Bitter Waters: Life and Work in Stalin’s Russia
by Gennady Andreev-Khomiakov
A fascinating look at the Soviet economic system in the 1930s, as viewed from the front lines of that system.
Gennady Andreev-Khomiakov was released from a labor camp in 1935, and was fortunate to find a job as a book-keeper in a sawmill. When the factory manager, Grigory Neposedov (a pseudonym) was assigned to run a larger and more modern factory (also a sawmill), he took Gennady with him.
Although he had almost no formal education, Neposedov was an excellent plant manager. As Gennady describes him:
He was unable to move quietly. Skinny and short, he moved around the plant so quickly that he seemed to be running, not walking. Keeping pace with the director, the fat chief mechanic would be steeped in perspiration…He rarely sat in his office, and if he needed to sign some paper or other, you had to look for him in the mechanic’s office, in the shops, or in the basement under the shops, where the transmission belts and motors that powered the work stations were located…This enthusiasm of his, this ability to lose himself completely in a genuine creative exertion, to give his all selflessly, was contagious. It was impossible to be around Neposedov without being infected by his energy; he roused everyone, set them on fire. And if he did not succeed in shaking someone up, it could unmistakely be said that such a person was dead or a complete blob.
With his enthusiasm and dedication to his factory, Neposedov comes across almost as a Soviet version of Hank Reardon (the steel mill owner in Ayn Rand’s Atlas Shrugged), with this difference–Nepodesov could throw himself as enthusiastically into bureaucratic manipulation as into his technical and leadership work. All of his skills would be needed to make this factory a success.
Although the sawmill had modern equipment, it was producing at only a fraction of its design capacity. One of the problems was energy: the plant was powered by a 200HP steam engine, and whoever had built the place had spent almost all of the budget on other equipment, leaving very little for the boiler. The original boiler that came with the plant turned out to be useless, and was replaced with a salvaged boiler..this worked, but was not in good shape and produced only about half the steam needed to run the engine–and the plant–at full power.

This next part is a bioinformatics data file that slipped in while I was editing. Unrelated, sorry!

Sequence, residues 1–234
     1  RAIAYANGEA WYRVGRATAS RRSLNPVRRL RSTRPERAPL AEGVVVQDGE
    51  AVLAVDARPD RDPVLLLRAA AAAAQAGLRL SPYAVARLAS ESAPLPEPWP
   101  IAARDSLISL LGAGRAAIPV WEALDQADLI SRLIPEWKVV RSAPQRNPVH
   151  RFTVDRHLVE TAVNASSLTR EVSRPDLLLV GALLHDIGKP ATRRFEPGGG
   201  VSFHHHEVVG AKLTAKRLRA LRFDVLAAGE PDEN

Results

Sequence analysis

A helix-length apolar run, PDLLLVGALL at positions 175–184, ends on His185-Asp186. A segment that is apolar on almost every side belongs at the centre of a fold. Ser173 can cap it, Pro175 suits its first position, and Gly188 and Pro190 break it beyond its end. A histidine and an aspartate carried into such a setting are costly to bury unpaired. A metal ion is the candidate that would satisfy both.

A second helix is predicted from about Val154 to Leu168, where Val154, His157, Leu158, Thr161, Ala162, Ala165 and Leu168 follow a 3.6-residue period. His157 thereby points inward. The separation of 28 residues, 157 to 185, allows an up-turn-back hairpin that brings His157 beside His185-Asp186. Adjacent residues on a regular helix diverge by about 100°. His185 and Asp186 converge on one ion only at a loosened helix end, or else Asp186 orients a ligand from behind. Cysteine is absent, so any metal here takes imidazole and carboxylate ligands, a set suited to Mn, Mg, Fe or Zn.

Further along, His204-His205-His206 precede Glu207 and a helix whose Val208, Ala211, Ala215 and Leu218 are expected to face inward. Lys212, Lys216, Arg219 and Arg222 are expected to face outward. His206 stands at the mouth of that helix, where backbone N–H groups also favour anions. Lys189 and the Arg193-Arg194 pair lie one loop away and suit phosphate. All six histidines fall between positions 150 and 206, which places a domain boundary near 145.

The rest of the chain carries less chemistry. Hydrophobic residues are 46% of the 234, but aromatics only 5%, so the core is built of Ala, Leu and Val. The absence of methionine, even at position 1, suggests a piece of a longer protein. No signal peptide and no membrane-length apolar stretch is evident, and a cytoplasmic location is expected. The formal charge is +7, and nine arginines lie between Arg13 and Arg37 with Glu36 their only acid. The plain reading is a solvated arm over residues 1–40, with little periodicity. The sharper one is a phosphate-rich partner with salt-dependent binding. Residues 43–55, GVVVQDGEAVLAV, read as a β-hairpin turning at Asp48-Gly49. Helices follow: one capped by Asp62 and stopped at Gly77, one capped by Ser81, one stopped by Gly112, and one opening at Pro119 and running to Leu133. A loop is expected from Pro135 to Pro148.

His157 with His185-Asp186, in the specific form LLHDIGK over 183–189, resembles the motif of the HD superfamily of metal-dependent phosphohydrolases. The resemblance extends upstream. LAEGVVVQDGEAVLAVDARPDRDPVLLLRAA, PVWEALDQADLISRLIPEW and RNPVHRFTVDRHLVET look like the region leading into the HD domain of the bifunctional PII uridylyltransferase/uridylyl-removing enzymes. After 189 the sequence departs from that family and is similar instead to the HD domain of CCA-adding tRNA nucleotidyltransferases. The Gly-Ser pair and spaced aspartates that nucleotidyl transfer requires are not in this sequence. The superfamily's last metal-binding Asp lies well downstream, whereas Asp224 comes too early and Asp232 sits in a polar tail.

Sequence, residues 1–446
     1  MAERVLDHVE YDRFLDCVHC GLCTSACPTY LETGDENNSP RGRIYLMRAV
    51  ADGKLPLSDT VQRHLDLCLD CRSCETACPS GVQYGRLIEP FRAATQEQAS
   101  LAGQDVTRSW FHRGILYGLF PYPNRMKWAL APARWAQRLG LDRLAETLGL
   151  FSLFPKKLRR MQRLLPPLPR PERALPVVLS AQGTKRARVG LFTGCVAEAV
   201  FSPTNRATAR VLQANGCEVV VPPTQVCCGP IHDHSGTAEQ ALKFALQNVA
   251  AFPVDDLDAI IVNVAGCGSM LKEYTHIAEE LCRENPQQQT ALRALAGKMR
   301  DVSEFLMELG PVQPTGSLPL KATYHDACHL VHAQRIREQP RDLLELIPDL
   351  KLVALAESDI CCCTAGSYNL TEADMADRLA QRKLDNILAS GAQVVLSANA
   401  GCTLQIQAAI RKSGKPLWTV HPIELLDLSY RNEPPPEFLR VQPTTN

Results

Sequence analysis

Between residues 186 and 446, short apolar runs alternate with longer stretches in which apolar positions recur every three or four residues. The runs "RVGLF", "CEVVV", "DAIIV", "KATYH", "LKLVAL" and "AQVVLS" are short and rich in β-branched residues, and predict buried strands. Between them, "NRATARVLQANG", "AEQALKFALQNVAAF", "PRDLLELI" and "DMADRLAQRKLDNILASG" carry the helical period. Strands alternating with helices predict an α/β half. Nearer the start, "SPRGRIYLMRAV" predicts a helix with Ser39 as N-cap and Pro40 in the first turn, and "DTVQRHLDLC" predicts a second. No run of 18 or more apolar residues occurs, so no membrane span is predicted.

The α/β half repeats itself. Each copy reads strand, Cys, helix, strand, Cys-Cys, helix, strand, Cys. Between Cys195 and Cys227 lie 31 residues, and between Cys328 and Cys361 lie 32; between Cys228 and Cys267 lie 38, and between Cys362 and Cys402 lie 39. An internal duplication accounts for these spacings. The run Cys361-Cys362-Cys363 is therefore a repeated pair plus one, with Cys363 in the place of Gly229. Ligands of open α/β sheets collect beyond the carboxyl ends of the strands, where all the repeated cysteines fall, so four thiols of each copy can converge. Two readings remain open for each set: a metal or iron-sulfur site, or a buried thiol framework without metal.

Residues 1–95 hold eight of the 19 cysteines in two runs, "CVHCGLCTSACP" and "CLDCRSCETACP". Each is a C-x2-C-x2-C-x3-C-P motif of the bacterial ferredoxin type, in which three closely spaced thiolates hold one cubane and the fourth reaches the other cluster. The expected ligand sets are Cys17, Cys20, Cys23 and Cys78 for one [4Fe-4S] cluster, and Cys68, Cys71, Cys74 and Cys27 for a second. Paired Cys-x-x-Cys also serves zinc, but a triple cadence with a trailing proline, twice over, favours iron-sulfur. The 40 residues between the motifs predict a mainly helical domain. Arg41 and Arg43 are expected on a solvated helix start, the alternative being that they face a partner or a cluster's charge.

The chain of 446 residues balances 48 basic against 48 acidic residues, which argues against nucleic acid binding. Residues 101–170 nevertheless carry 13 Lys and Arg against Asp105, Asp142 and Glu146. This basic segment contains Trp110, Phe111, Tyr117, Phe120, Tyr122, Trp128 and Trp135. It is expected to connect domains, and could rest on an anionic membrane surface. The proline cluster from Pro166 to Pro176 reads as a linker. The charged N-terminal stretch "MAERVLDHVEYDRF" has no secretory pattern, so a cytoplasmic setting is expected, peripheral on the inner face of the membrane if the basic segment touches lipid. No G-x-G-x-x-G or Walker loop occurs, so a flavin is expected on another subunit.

At this point in history, and in this particular corner of the Soviet economy, the amount that was available to be paid to workers was strongly related to the output of a plant. And workers at this sawmill were becoming increasingly desperate, on the point of actual starvation. Neposedov, aided by Gennady, pusued a three-part program of improvement: (1)fix the boiler, (2)improve the workflow (as we would now call it) within the plant, and (3)put in place an incentive system for the workers.
New “pipes” for the boiler were somehow obtained (I think “pipes” in this context refers to boiler flues) and the workflow was continuously analyzed and improved. The most interesting part of the story, though, deals with the incentive program. The plant manager apparently had discretion to put such programs in place as long as he could pay for them out of increased output. (As the book describes it, there were extensive accounting systems in place throughout the Soviet economy–indeed, Lenin had once gone so far as to say “Socialism is accounting.” The accounting seems a bit similar to what you would find in a multidivisional American company with extensive intracompany transactions.) The incentive system that Gennady designed for this sawmill was based on very sharp pay increases for the workers when production exceeded target–so that, for example, you could double your pay by producing only 25% over target. (Actually, the plan paid collectively by group and by shift, rather than on an individual basis.)
The incentive plan, together with the repaired steam boiler, resulted in very high production–140%, then 160% of target–and correspondingly high pay for the workers. Gennady had some nervous moments when he feared he had made a mistake in the calculations and the cost of the additional wages would exceed the amount generated by the new production….a mistake like this could easily have landed him back in Siberia, or worse. But it turned out that the new system was indeed sustainable.